Forest Conservation Program

Coastal Douglas-fir forests and associated habitats are among the most threatened ecosystems in the country.

Photo by Alex Harris /
Raincoast Conservation Foundation.

With a limited geographic extent, including only the southeastern edge of Vancouver Island, the Gulf Islands, and a sliver of BC’s mainland, it is essential that these ecosystems are protected and conserved before it is too late. 

Understanding biodiversity loss, climate change, and anthropogenic impacts

Raincoast’s Forest Conservation Program is focused on addressing biodiversity loss, climate change and other human-caused stresses on Coastal Douglas-fir (CDF) habitats. Globally unique to the south coast of British Columbia, this collection of highly diverse ecosystems includes sand dunes, estuaries, Garry oak meadows, and rocky outcrops, among many other ecological communities. Forests here are characterized by tree species like coastal Douglas-fir, western red cedar, and arbutus. The CDF covers less than 1% of provincial land area, with the Salish Sea’s Gulf Islands hosting over 30% of its provincial extent.

Almost all of the original CDF forests have been logged since the early 1900s and a further 30% of second-growth has been converted to rural, urban, agricultural, and industrial use since 2008. The province’s last State of the Forests report, released in 2010, found that the CDF is BC’s most converted zone, with nearly twice the amount of deforested and fragmented land compared to the next most converted zone. This includes the province’s highest road density that profoundly fragments CDF habitats. Currently, 127 native plant and animal species characteristic to CDF ecosystems are on the provincial “Red” list. This includes iconic ecological communities  characterized by the presence of arbutus and Garry oak. Further, recent anecdotal reports of deterioration of arbutus, western redcedar, grand fir and coastal Douglas-fir indicate that climate change is already influencing these important ecosystems.

In the southern Gulf Islands and Saanich Peninsula, much of the Coastal Douglas-fir forests and associated habitats exist within W̱SÁNEĆ territory. These unceded lands have been inhabited by the W̱SÁNEĆ people, also known as the Saltwater or Coast Salish People, since time immemorial. Brought here by the creator, XÁLS, following the great flood, the W̱SÁNEĆ people were given the responsibility of caring for their relatives: the Islands of the Salish Sea. As such, in addition to their ecological significance, these habitats hold tremendous cultural and spiritual value.

Informed advocacy and community engagement

Using Raincoast’s signature approach of informed advocacy, the Forest Conservation Program combines community engagement with science and policy review to achieve tangible conservation outcomes. Our work includes working with local Nations, civic governments, organizations, and community members to slow and reverse the destruction of these fragile, ecologically important, and culturally significant places through advocacy, community science initiatives, ecological investigation, and most recently, permanent land protection through property acquisition. Our preliminary focus is on North (S,DÁYES in the SENĆOŦEN language of the W̱SÁNEĆ) and South Pender Islands. As our work expands to other Gulf Islands, we commit to honoring the lands and culture of additional First Nations who call these Islands home.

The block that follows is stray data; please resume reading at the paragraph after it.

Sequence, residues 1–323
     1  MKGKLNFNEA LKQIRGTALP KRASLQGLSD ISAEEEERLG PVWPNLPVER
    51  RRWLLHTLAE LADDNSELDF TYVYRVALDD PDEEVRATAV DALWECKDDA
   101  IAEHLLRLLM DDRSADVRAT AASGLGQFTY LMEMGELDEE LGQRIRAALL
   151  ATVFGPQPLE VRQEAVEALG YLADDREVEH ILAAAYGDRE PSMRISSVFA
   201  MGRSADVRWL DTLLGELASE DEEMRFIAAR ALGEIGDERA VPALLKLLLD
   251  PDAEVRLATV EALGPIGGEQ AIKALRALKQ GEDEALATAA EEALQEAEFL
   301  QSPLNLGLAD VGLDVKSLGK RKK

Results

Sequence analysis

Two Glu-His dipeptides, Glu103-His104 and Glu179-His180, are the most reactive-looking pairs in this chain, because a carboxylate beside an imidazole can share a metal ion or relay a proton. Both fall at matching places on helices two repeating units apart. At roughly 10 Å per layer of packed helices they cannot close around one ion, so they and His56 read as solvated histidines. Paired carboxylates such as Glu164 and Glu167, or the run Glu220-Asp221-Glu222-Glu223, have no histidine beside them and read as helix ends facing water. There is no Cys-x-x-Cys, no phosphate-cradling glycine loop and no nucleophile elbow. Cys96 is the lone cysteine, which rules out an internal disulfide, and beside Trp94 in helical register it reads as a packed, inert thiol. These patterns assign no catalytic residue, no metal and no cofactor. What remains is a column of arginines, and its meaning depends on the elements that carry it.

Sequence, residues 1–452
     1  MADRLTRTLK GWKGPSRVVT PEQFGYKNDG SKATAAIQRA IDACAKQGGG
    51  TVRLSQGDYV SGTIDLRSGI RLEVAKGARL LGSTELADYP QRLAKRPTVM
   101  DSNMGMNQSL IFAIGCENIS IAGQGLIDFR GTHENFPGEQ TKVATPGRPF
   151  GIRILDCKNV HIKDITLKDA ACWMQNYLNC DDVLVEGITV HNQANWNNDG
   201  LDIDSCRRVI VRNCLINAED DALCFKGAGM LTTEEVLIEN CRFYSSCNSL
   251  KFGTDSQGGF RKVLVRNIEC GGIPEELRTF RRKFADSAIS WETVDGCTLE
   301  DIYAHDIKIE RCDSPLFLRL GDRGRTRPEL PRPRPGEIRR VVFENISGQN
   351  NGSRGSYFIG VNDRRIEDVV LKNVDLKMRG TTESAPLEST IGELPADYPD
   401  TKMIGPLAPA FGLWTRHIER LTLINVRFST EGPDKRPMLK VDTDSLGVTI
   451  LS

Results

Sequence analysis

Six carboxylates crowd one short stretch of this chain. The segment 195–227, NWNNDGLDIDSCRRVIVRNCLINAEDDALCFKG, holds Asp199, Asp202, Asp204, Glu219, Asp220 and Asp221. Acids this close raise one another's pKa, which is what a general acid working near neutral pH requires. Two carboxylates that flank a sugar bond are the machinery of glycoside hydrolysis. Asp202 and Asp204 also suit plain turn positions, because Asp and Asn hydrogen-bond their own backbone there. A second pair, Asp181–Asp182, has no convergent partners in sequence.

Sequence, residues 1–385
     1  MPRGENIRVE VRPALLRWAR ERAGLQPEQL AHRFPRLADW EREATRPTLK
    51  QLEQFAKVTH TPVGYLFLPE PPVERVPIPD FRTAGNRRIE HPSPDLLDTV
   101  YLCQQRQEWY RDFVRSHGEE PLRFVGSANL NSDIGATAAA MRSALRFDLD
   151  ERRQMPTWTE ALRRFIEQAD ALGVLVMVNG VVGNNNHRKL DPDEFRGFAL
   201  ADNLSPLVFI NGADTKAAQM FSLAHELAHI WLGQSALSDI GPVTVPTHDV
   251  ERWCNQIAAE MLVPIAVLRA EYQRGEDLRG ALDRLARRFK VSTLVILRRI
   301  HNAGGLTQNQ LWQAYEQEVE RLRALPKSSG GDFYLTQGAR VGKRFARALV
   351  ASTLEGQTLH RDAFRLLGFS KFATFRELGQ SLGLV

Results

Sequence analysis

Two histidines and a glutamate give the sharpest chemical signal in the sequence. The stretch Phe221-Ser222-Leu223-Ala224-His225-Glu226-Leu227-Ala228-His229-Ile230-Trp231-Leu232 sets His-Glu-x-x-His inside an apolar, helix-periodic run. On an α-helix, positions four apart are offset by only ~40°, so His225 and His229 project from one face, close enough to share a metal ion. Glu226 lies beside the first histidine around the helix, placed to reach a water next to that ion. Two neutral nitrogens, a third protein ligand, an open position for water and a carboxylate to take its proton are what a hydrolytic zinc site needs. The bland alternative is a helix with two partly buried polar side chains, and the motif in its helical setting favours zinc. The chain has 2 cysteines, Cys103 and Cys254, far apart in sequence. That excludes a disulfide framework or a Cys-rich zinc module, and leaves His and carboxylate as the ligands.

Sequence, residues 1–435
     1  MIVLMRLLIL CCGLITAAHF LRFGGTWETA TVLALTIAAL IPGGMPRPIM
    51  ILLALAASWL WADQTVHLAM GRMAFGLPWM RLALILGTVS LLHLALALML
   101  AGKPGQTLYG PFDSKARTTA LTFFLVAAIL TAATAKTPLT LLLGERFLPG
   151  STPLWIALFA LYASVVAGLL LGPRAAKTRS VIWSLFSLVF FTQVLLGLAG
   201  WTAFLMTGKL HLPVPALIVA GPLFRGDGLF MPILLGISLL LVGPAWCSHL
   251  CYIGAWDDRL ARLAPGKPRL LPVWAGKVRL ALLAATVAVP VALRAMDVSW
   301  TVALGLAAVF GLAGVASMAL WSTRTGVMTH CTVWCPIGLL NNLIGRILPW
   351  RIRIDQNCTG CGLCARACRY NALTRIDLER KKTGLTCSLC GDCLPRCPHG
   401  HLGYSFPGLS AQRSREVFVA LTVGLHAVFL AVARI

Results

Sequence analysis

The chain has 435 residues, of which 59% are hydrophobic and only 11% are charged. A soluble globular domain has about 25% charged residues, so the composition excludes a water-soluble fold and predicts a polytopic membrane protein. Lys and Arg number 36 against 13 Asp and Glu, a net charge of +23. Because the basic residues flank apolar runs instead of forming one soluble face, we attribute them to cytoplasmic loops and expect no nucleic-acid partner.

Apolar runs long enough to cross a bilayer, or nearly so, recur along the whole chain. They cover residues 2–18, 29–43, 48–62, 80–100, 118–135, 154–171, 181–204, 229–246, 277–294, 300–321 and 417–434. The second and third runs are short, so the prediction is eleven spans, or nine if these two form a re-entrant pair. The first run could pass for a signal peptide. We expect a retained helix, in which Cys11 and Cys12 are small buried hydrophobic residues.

The Story of the CDF

Big tree registry

Find out more about the Pender Islands Big Tree Registry.

Contact the program director

Shauna Doll
Forest Conservation Program Director

Educational webinar series

We have had two educational webinar series with sessions on a range of important topics. For descriptions and video recordings, slide decks, and more, check out our previous webinars series:

Land protection in some of Canada’s most threatened terrestrial habitats

Feb 7, 20234 min read
Raincoast established the Forest Conservation Program (formerly known as the Gulf Islands Forest Project) in 2019 with the intention of exploring pathways to strengthen protection of the rare and threatened habitats characteristic to the Coastal Douglas-fir (CDF) zone, particularly on the Gulf Islands. However, land in this region is disproportionately under private ownership, unlike the…

We did it! KELÁ_EKE Kingfisher Forest has been protected!

Jan 30, 20233 min read
KELÁ_EKE Kingfisher Forest has been secured as an essential piece of a larger nature corridor.

The story of Coastal Douglas-fir forests: The biodiversity potential of privately-owned land

Jan 24, 202315 min read
Registered Professional Biologist and Planner, Adriane Pollard, has been working to improve local protections of Coastal Douglas-fir associated ecological communities for over 25 years.

Maxwell Creek Watershed Project Field Files Part 3: Mapping the watershed

Jan 18, 202318 min read
Multiple practitioners working under the umbrella of the Maxwell Creek Watershed Project (MCWP or “the Project”) have contributed to this third instalment of the Field Files series, a photo essay illustrating the important role spatial data and mapping plays in establishing landscape-wide restoration projects. All maps were made by Nicholas Courtier, who also assisted with…

Sponsors & supporters

A tiny mushroom sits in the bright green of a Gulf Island Forest.
Photo by Alex Harris / Raincoast Conservation Foundation.